In Japan, the overall price level has declined since the bursting of a massive real estate and stock market bubble in the early 1990s. To put that in perspective, a college student n Japan today will have never experienced an extended period of rising prices.
Why is that a problem? More typically, people complain about inflation, so deflation should be welcome, right? There are at least two problems with this view. First, wages are also a price of sorts–the price of labor. And with deflation, nominal wages also tend to decline. Second, when expectations of deflation become entrenched in people’s minds, that can lead an economy into a deep hole, from which it can be difficult to emerge. Consumers, expecting prices to fall, will hold off on their purchases, especially for consumer durables. And businesses, seeing declining demand–and anticipating further price declines–will hold off on investing in new plant and equipment or hiring new workers. Sustained deflation may also reduce incentives to engage in R&D, or else tilt such activities toward cost savings and away from product innovation. This is precisely what we have observed in Japan for the two-plus decades that have come to be know as the country’s “Lost Decades.”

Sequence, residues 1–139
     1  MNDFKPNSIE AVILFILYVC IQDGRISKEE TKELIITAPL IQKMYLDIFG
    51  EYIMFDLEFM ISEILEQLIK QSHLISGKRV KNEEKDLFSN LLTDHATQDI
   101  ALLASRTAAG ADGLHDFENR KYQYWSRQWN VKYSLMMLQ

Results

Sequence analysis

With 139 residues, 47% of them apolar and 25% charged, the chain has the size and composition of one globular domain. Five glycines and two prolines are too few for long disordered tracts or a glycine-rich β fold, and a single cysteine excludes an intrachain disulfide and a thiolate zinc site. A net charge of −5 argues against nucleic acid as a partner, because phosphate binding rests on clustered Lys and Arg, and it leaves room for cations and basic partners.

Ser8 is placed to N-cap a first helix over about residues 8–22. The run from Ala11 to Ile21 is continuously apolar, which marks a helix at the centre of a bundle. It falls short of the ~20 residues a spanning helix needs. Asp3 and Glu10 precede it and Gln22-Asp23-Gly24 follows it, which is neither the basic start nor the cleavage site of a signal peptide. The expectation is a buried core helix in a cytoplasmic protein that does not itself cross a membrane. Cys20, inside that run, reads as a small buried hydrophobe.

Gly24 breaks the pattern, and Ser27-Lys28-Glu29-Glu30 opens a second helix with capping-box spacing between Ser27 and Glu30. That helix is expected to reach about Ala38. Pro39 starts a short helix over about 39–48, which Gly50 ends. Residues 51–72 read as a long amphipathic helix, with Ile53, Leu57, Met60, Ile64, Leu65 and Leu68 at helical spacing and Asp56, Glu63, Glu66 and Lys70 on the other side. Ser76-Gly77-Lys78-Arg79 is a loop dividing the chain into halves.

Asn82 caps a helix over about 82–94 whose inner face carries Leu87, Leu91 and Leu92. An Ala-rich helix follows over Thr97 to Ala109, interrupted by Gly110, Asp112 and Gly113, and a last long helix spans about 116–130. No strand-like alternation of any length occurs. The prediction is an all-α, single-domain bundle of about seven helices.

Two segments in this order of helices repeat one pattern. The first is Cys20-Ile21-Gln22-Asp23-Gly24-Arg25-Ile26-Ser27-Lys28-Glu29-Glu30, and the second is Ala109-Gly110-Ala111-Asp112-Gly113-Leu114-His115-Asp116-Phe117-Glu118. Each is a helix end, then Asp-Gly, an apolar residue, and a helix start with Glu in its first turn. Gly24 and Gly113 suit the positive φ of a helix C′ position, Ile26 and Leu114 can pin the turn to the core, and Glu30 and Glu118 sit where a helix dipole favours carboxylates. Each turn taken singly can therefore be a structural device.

Since 2011, the Abe administration has sought to reverse this process, by raising inflation into positive territory and increasing domestic demand, turning a vicious cycle into a virtuous one. But despite some early success, this has proved difficult, in part because changing people’s mindsets is hard.. Despite the extremely accommodative monetary policy of the Bank of Japan, inflation remains close to zero and expectations remain well below the BoJ’s target inflation rate of 2 percent. Businesses have been reluctant to raise prices, knowing that consumers have become extremely price sensitive after decades of falling prices. And when price have increased, these same businesses have been reluctant to raise wages or investment, in part reflecting fears that any gains will be temporary.
The attached video provides a really interesting example of this problem. In mid-March, a Japanese ice cream company, Akagi Gyunu (famous for its uniques flavors, such as spaghetti or potato stew!) announced its first price hike in 25 years, equivalent to less than a dime per cone. The increase was accompanied by this heart-felt apology video. While many of us might wish that companies in their countries would take a similarly socially-oriented position, the video can also be seen in a much less positive light–as a reflection of the challenges that Japan still faces in exiting deflation and its lost decades.